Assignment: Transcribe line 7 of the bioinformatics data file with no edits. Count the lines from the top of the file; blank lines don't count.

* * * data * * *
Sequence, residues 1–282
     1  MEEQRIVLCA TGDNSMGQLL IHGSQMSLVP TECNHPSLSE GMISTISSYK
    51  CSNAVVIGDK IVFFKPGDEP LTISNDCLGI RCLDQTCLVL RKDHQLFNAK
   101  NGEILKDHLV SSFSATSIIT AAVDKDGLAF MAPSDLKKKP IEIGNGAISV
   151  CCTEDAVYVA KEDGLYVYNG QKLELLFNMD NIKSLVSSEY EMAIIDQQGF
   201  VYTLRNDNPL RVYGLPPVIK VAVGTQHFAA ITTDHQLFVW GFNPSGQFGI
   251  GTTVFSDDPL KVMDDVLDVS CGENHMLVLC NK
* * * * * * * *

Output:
   251  GTTVFSDDPL KVMDDVLDVS CGENHMLVLC NK